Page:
Colchester Officials Weigh in on Library Review of RuPaul Biography


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COLCHESTER — First Selectman Andreas Bisbiskos said in a post on Facebook that his request that a children’s biography of a drag performer be taken off the shelves of the Cragin Memorial Library was “never about censorship” and that the responsibility to respond to any formal complaint would rest with the director of the library. 

“The First Selectman plays no role in what books are purchased or displayed in our library. I was merely attempting to be responsive to a concern coming from a parent in our town. It was never the intention to permanently remove any books but to merely question if they belonged in the children’s section or the adult section; therefore, I reached out to our Director of Library Services,” Bisbiskos wrote in a Facebook post. 

On Monday, the book “Who is RuPaul?” a children’s biography of RuPaul Andre Charles, was removed from circulation after a parent complained to Bisbiskos about what Bisbiskos described as “sexually provocative drawings.” According to library director Kate Byroade, Bisbiskos called her into his office and told her of the complaint, at which point she informed him that she planned to follow library policy to address the complaint. 

Under the policy, patrons who have a complaint about a book must fill out a form in which they identify themselves, describe the reasons for their concern along with specific examples from the text, audio, or visual, and describe what action they would like the library to take. The patron is also asked to attest to having viewed or read the material in full. 

After library staff receive a complaint form, the book is temporarily removed from circulation for review — a process that usually takes several weeks as the librarians read through the entirety of the book and research the issue. Staff then produce a two-page, detailed response to the complaint.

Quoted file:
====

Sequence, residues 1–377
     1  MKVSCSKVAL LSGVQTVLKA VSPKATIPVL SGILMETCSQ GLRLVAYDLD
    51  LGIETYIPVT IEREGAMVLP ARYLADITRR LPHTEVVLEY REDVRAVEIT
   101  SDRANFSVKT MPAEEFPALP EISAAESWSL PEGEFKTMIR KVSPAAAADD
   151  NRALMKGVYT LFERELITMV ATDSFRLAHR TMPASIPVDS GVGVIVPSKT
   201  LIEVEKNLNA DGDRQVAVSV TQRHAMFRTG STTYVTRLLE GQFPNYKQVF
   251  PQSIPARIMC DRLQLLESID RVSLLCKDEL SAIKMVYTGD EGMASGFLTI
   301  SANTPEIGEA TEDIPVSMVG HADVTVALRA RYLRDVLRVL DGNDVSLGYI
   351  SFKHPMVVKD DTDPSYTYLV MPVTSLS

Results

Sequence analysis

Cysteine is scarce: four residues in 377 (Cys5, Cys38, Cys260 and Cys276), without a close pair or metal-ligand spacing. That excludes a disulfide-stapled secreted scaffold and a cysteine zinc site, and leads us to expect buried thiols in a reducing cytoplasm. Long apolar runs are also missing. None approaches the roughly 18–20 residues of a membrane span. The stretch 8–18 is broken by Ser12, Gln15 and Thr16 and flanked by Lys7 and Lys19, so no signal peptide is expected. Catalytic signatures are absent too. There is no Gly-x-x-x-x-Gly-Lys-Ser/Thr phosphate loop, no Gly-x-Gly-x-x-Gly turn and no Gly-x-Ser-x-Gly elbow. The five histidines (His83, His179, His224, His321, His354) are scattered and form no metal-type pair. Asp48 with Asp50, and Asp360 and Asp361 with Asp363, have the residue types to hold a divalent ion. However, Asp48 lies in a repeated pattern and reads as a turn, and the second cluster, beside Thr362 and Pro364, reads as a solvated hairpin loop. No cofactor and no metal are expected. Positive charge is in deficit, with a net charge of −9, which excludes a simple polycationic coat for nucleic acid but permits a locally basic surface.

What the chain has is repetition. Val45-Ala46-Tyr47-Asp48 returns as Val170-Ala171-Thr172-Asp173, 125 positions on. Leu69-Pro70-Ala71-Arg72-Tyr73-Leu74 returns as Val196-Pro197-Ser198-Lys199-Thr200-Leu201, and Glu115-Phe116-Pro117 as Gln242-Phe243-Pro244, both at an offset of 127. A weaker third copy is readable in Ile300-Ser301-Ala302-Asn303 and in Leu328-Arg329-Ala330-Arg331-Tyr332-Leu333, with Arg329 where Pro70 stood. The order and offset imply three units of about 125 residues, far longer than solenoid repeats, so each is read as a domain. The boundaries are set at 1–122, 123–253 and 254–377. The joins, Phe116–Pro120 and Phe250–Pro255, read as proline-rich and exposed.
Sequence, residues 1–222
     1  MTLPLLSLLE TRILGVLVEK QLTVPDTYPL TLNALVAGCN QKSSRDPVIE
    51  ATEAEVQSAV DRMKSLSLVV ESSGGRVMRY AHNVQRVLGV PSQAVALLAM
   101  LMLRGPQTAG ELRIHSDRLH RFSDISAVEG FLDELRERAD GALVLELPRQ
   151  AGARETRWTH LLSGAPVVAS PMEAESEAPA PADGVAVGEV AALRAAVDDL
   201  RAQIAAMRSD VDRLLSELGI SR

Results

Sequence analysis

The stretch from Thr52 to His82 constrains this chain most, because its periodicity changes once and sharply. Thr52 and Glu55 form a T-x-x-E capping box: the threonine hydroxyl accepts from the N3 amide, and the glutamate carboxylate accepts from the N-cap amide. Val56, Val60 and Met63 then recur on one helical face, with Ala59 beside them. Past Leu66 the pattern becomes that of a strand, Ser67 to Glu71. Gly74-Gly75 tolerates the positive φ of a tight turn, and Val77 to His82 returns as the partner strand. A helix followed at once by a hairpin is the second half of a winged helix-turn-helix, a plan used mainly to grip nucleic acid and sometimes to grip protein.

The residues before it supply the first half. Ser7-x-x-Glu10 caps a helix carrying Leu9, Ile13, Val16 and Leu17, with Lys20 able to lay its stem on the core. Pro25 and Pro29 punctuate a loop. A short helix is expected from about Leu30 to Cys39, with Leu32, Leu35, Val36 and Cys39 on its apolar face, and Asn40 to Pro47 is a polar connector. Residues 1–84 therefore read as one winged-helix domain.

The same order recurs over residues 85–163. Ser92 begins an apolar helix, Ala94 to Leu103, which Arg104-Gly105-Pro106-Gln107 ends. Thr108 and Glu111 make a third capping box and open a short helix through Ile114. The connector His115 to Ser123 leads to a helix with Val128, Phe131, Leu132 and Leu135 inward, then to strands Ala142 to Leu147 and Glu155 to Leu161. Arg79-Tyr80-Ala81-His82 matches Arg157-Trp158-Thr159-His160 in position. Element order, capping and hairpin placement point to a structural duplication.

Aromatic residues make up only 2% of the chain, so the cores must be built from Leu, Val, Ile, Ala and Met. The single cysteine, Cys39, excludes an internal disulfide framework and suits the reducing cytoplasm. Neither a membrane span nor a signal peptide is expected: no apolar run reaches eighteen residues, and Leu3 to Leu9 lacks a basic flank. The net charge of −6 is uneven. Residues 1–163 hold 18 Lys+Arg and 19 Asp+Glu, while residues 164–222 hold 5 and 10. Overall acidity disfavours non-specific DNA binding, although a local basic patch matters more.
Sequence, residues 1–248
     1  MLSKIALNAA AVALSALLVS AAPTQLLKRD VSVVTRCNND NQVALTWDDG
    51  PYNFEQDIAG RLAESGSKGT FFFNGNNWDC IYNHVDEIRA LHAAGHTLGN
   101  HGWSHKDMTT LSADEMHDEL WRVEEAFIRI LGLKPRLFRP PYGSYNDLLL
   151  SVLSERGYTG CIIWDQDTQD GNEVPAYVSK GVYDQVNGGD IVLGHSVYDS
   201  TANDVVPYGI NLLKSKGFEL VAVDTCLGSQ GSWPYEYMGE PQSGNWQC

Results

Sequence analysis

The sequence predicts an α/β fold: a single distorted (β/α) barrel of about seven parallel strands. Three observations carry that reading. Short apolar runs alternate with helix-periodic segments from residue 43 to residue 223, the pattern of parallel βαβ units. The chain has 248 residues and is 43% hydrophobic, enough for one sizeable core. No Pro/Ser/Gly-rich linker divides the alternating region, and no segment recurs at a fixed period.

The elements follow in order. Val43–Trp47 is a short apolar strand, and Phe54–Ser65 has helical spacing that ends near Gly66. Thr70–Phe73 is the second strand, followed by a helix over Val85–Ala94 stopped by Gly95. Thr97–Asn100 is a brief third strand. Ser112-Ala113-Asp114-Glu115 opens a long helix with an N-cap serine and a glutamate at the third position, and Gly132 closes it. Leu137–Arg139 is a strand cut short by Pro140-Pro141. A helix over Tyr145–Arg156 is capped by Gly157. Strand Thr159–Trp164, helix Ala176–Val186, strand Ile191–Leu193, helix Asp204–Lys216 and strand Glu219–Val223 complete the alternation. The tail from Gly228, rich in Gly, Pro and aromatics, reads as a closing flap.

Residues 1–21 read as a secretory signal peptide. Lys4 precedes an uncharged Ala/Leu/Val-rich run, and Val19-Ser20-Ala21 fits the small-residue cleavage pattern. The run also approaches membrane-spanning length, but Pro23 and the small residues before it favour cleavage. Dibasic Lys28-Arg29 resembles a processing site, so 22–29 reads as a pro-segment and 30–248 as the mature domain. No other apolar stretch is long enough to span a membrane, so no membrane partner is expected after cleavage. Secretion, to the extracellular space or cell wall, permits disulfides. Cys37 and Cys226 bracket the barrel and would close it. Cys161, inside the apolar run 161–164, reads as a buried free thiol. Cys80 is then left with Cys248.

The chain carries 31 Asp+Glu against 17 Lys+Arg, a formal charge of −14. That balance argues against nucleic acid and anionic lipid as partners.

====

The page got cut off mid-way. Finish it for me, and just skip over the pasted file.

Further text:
“Hopefully they would feel heard and they would know they were taken seriously. I take this very seriously,” Byroade told CT Examiner.  

Byroade said that after Bisbiskos called her into his office, she decided to remove the book from the shelf in anticipation of a review. She said that if she had left the book in circulation another patron could have checked it out. Instead, Byroade said, she is keeping the book behind the desk and will allow any member of the community to see the book. 

“It’s not my job to parent your children. I’m here to foster a love of reading,” said Byroade. 

Byroade said that Bisbiskos also directed her to complete an inventory of all 26,000-plus books in the children’s section — which she said was a matter of running a report through a system — and then to conduct an audit of any potentially sensitive materials.

“I don’t know how quickly that could be accomplished practically,” Byroade said. 

Douglas Lord, president of the Connecticut Library Association, of which Byroade is past president and current chair of the association’s legislative committee, said that requests to have books removed from library shelves have become more and more common recently.